Be Very Very Quiet: I'm Hunting Earnings

by: Joe Eqcome


2nd-quarter earnings.

Earnings by sector.

Weighted actual to consensus EPS deviation.

If you are at all paying attention to the markets, then you are aware that earnings season is well underway for the second quarter. And so far... so good. Over the past three weeks, according to data provided by, 678 companies have reported earnings. Of these 678 companies, 527 have either met or beat expectations. That's close to 78%. Below is a pie chart showing the distribution of these 678 companies by sector.

Sector Breakdown: As can be seen from Chart 1, about 25% of the recent earnings reports have come from Financials, a sector that has changed dramatically since the "housing crisis" and is still dealing with regulations and settlements. Technology and Industrials have also been strongly represented during the past three weeks.

Weighted Deviation: Since the current bull market seems to have no end in sight, we decided to break down the recent earnings reports to see get a better sense of their effect on the market and to see if we can figure out where all of this excitement is coming from. To do this, we compared each company's actual earnings per share to its estimated earnings per share and weighted it by its portion of its respective sector's total EPS. We then added these values together to see how each sector performed against market expectations.

For example, below is a chart of this past week's earnings reports from a few companies in the energy sector. The second to last column, EPS vs. Consensus, shows each company's percentage deviation of its EPS from its EPS Consensus. We then multiplied those values by each company's EPS portion of the sector's total EPS (3.31). These values were then added together to get the sector's Weighted EPS Deviation vs. Consensus (-3.95%). Outliers whose Weighted EPS Deviation vs. Consensus was greater than 15% or less than -15% were removed so as not to skew the results.




EPS Consensus

EPS vs. Consensus

Weighted EPS Deviation vs. Consensus

El Paso Pipeline Partners






Kinder Morgan






Kinder Morgan Partners






Baker Hughes














Hey Good Lookin': As can be seen in Chart 2, earnings have beaten the street's expectations by a notable amount.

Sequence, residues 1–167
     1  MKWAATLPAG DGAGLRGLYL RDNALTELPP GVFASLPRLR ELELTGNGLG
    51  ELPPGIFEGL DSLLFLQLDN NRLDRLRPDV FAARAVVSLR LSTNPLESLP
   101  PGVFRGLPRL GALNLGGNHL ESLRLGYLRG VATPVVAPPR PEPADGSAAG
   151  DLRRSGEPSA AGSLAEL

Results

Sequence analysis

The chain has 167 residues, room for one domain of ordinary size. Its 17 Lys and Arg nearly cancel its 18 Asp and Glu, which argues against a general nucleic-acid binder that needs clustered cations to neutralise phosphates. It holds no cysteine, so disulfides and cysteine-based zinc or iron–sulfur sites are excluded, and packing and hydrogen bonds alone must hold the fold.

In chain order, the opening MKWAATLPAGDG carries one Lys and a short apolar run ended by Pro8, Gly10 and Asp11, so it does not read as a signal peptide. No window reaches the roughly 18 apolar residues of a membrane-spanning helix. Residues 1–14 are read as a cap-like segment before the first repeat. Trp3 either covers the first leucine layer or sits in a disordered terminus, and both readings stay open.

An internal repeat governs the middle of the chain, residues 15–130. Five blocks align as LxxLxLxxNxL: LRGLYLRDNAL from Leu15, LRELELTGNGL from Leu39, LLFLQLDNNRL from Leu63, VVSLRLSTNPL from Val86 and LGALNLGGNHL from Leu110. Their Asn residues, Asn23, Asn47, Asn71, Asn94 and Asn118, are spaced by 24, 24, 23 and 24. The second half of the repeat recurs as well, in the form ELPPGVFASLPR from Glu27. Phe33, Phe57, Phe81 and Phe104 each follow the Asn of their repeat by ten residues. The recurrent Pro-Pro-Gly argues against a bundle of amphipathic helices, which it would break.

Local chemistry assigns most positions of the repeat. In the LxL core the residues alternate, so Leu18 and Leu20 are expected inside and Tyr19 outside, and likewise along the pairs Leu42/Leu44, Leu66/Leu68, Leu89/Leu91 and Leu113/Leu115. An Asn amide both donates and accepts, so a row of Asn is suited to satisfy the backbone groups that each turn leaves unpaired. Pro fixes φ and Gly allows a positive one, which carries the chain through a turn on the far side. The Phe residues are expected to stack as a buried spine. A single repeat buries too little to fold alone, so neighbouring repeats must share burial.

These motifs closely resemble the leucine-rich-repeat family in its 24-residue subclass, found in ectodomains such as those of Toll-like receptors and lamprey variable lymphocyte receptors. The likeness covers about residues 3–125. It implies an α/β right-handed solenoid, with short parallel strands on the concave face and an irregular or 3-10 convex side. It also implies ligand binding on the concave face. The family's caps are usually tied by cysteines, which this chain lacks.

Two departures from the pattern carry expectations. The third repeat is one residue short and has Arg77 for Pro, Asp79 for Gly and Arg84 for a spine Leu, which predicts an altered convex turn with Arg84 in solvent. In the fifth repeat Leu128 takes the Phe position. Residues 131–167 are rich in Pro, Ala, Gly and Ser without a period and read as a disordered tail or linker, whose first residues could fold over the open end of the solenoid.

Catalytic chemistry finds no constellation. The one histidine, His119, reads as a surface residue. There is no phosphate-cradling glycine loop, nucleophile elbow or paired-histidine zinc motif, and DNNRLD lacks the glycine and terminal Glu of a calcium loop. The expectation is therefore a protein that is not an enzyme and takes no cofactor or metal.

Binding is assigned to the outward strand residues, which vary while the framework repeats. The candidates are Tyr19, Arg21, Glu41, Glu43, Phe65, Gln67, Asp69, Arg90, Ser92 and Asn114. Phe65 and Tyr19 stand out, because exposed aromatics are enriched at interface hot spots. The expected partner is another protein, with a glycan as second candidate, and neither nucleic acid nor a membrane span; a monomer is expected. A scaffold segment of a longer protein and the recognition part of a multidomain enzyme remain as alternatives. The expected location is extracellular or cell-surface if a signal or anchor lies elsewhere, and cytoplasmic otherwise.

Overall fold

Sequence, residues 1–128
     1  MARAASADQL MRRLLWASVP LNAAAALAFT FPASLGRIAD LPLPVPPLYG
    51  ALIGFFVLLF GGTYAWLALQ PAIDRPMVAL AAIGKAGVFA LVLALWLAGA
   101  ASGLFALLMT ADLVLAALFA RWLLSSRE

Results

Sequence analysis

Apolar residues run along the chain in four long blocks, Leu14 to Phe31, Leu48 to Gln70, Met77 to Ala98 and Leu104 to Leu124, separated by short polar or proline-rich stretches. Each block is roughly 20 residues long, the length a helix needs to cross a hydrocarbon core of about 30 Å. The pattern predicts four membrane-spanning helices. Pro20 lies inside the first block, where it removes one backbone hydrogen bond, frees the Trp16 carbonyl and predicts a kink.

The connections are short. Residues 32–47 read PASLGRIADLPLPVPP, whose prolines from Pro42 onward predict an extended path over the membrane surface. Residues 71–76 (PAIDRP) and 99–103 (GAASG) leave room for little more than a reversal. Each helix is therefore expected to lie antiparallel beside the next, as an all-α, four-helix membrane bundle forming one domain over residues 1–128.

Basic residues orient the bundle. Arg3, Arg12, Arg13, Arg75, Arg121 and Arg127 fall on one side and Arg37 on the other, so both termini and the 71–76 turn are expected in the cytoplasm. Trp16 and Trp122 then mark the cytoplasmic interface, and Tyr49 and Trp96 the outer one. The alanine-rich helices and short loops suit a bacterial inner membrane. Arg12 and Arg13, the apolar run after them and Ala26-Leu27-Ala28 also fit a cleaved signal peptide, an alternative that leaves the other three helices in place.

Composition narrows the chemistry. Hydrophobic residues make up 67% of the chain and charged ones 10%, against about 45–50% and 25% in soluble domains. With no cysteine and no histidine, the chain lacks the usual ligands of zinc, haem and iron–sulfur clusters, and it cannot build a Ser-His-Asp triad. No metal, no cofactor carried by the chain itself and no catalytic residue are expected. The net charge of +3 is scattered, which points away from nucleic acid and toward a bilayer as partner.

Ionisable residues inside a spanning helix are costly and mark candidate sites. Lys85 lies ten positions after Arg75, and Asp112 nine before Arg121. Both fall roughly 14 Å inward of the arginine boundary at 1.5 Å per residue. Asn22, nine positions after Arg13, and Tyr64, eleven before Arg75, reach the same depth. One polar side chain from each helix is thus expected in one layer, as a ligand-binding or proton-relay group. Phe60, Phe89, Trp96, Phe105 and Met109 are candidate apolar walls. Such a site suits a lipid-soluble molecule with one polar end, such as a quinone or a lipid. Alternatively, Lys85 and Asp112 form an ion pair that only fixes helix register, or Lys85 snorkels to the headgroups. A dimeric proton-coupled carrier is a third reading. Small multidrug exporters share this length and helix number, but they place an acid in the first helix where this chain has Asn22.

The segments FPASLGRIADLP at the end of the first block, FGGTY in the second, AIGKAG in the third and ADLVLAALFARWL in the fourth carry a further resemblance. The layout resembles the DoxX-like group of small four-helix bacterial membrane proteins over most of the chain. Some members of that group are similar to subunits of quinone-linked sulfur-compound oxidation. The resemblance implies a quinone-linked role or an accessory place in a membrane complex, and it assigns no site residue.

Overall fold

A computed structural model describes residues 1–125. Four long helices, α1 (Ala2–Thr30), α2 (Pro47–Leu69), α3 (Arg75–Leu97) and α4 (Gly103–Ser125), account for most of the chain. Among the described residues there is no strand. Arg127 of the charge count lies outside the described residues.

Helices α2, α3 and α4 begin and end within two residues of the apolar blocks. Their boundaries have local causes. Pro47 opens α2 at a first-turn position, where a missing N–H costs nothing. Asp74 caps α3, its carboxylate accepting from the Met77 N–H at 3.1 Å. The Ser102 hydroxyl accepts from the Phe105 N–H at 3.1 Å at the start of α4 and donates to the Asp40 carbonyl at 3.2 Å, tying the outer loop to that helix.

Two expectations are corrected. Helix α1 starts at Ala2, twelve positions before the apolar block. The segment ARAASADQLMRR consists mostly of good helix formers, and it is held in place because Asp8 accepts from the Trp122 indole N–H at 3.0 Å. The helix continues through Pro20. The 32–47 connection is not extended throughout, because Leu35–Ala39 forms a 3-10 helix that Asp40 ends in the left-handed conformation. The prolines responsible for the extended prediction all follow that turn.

The Health Care sector has performed very well, and is made up of a good sample size of 68 reports, or 10%. However, both the Financial and Technology sectors, which are the two largest sample sizes of 24% and 21% respectively, have also performed very well this earnings season. As stated above, some companies whose Weighted EPS Deviation vs. Consensus was greater than 15% or less than -15% were omitted from the study so that they would not sway the results. For example, BreitBurn Energy (BBEP), which missed its EPS estimate of $0.18 by $1.07 (resulting in an EPS of ($0.89)), was omitted because this dramatic deviation was not representative of the group as a whole. If BBEP was to be included, the Health Care sector as a whole would have missed estimates by 66%. The same is true for the Utility sector. Because only 5 companies reported earnings, UNITIL Corporation (NYSE:UTL) made up 34% of the sector's earnings. If it were to be included, the Utility sector as a whole would have beat EPS estimates by 32%.

How About the Markets?: Over this same three-week period, stock markets have moved relatively sideways, with the major markets (Dow Jones, Nasdaq, S&P 500, and Russell 2000) all closing a bit lower than their July 3rd levels. Since that time, the S&P 500 has seen an equal number of up days as down days, including July 3rd. During this time, the hi/lo spread has been 2% and the average daily hi/lo spread has been 0.63%.

Stock Buybacks: In a recent GrowthIncome CEF Weekly Report, we touched on a very important yet often overlooked fact about earnings per share valuations. EPS requires two metrics to be calculated, earnings and outstanding shares. This means that not only will a company's earnings have an effect, but stock buybacks can also play a role by reducing the denominator of the EPS equation. According to Birinyi Associates, a market research and money management firm in Westport, last year, companies spent close to $600 billion on stock buybacks, second to 2007 for the highest annual total in history. In addition, the first quarter of 2014 was the largest quarter for stock buybacks since 2007 at $188 billion. In addition, both Jeffrey Kleintop of LPL Financial and Scott Clemons at Brown Brothers Harriman Private Banking calculated that half of the S&P 500's per-share earnings gains were a result of reduced share counts, not increased earnings. What may look like better earnings could actually be a result of fewer shares in the system.

What Does it All Mean?: We will continue to investigate the effect of earnings on the overall stock markets, as well as report in further detail about individual companies' buyback programs. If positive earnings can't push the market further, then it might be a signal for a market correction.

Disclosure: The author has no positions in any stocks mentioned, and no plans to initiate any positions within the next 72 hours. The author wrote this article themselves, and it expresses their own opinions. The author is not receiving compensation for it. The author has no business relationship with any company whose stock is mentioned in this article.